The other day out of the blue, an old friend sent me a message of Facebook. He was looking for a transcription I did 6 years ago and was wondering if I could sell him the parts so his college band could perform it. Having not looked at the piece in several years, I pulled open the file on my computer to find… awfulness, complete awfulness. The formatting was horrible, the chord voicings were rusty, and the attention to detail I have learned in the past years was not present. I promptly told my friend I would then spend the next few hours polishing up the piece and then I would send it to him. A few hours turned into a day, a day turned into a week, and a week turned into a month. What was acceptable to me 6 years ago, was no longer representative of the quality I try and achieve in 2017. This got me thinking about Shadows of Adam and my role as the composer. Since my first composition in October of 2013 to last week when I updated ZaknNik’s battle theme, I’ve learned a lot.
1. A little bit of reverb goes a long way
About 2 years in I discovered a small trick to make the pieces sound more coherent. I started running a small amount of reverb through an aux channel. This in turned applied the reverb equally to all instruments giving it a cohesive sound, almost as if all the instruments were being played in the same space. This may seem obvious to most, but my background was always as a composer and not necessarily a sound designer. Once learning this I promptly remixed every tune I had done to that point.
2. Make the most out of your themes (aka Melody is King)
When writing some of the first pieces for SoA I knew I would want to come up with a handful of themes that could be re-used throughout. I ended up developing two main themes:
From a pragmatic point of view, it made sense to re-use these because it saved me work, however I also felt it helped bring a cohesive story-centric perspective to the game. For instance, the main theme is reworked in a more minor key in a scene to show Asrael’s distress while Curtis’ theme was re-orchestrated to work for Orazio. At times, both themes have been used in counterpoint to help highlight specific story elements.
3. Panning and Sonic Space
When mixing your tunes it’s important to give some space in the panning to help instruments come out. If two instruments complement each other or occupy the same register, sometimes panning them straight across from each other can prevent it from sounding muddy. I also learned this trick from listening to old SNES tunes. A lot of times, harmony in the same instrument patch woudl be split into two tracks and panned on opposite sides. This is another way to create a more linear sounds with your instruments as opposed to blocks of sound where each note is hard to distinguish.
4. Go with your gut
I am a studied musician. In addition to my 6 years of higher ed (Bachelors and Masters in Music Composition) I have composed over 200 pieces of music for games, jazz ensembles, pop bands, and various other groups. However, I still firmly believe that the best music comes from instinct and imagination. I always try to write things that I can sing because they seem to flow naturally and feel the most musical. The craft I’ve developed is merely a tool I employ to help articulate my musical ideas. That is not to say that I am not challenging myself to learn new harmonies, melodic constructions, or ways to phrase, but that it is ok being comfortable with my instincts. They’ve served me well.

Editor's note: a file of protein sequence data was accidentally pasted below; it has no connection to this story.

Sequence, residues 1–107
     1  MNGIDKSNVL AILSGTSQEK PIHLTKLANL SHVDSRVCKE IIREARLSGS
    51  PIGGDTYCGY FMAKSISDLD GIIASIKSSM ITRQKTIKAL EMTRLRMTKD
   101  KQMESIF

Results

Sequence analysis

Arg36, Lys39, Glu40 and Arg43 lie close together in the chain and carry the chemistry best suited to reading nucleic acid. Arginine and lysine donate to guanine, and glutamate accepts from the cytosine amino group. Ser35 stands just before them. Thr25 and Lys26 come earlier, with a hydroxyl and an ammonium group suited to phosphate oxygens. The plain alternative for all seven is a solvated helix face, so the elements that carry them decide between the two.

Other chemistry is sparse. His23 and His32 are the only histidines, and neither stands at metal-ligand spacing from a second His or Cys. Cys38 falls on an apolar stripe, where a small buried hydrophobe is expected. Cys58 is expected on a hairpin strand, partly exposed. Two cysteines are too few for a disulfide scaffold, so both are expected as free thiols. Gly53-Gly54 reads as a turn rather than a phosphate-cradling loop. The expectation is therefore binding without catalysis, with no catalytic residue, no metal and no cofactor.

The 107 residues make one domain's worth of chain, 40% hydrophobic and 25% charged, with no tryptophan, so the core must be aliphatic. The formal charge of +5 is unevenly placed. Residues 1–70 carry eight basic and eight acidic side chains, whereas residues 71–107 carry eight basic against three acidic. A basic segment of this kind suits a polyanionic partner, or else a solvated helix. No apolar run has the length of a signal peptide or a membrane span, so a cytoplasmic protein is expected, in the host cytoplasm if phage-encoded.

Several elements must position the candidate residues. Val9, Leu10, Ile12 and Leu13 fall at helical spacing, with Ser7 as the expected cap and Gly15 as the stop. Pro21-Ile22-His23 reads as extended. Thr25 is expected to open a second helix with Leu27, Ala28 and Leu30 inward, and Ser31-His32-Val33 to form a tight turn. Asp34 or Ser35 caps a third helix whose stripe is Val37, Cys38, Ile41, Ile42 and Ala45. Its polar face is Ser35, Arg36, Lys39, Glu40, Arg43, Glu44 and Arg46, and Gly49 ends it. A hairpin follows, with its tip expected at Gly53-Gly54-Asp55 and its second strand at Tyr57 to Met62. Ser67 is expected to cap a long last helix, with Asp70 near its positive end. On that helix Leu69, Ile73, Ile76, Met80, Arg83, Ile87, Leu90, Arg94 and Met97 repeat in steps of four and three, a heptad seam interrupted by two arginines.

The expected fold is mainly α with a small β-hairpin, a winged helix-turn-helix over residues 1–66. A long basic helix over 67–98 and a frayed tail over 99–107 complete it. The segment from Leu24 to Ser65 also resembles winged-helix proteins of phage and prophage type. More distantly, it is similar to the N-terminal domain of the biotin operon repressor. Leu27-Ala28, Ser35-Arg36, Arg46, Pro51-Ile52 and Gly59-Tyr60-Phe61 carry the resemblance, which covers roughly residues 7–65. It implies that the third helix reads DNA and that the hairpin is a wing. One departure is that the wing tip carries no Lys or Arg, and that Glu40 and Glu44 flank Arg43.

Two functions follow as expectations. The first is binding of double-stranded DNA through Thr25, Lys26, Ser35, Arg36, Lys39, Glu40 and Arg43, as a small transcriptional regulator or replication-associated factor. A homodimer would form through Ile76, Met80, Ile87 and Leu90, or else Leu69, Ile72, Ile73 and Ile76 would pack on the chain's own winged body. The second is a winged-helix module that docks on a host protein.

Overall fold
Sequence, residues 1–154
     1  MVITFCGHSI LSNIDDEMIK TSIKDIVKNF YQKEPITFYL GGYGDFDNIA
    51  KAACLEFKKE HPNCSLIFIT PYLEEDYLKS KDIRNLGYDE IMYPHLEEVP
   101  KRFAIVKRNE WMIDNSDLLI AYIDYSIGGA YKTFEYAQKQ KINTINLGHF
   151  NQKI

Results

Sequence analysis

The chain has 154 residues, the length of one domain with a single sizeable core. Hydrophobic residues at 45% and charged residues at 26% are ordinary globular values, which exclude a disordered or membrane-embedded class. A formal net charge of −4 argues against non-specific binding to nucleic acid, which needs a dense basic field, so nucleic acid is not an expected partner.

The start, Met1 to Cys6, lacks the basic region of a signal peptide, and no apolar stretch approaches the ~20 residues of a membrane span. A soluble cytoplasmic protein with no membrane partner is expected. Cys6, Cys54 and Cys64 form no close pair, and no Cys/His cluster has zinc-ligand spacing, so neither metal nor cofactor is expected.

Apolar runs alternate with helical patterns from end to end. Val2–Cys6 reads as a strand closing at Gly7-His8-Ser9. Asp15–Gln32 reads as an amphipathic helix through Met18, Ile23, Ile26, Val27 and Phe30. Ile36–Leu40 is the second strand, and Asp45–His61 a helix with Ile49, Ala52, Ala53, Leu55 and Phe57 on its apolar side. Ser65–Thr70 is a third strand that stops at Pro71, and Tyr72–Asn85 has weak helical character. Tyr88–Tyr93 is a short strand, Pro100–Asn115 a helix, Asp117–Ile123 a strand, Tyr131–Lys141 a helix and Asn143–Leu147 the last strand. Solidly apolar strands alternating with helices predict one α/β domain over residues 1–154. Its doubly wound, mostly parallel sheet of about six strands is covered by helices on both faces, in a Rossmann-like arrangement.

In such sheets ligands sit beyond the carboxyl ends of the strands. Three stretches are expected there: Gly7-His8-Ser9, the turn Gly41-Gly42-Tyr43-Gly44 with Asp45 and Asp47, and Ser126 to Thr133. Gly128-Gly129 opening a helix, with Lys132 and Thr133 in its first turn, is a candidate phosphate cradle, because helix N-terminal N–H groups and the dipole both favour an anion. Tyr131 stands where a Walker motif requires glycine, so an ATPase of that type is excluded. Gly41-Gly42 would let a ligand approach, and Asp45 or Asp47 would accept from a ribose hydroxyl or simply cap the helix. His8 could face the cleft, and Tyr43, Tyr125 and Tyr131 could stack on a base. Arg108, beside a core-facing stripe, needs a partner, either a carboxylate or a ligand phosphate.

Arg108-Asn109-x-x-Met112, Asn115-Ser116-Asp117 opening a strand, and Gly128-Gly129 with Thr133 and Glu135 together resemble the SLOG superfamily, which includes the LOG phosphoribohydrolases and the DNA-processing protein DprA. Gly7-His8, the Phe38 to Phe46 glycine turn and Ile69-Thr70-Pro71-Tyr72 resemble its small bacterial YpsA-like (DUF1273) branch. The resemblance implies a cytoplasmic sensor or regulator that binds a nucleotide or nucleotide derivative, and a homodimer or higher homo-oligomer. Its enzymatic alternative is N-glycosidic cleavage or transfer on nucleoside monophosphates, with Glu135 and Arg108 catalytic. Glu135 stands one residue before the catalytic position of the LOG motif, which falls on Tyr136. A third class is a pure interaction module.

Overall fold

5. Sleep on it
Sometimes this is the most important thing to do when composing a new piece. Frequently at the start of a new tune I would write as much down as I could come up with. Things would write itself for a bit, then I would inevidently hit a wall. At this point, I would begin to feel that my ideas were becoming forced and that I needed to take a break. I always found a long walk or a day off helped me recharge and come back with more creative juices. Occasionally, on walks with my dog I would replay the song in my head over and over, and imagine all the possibilities for it. This would help me get a good big picture concept and fine tune the ideas I already had. The most extreme example of this was the final boss theme. I started it in Jan of 2014 and finished it in the fall of 2016!
Looking back I am very grateful for the three plus years of writing I’ve done for Shadows of Adam. I’ve grown a lot as a musician and I am very proud of what we all have achieved.
Stay tuned for updates on the official Shadows of Adam release date! If you haven’t done so you can pre-order Shadows of Adam or contact us on our may social media outlets:
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All the best!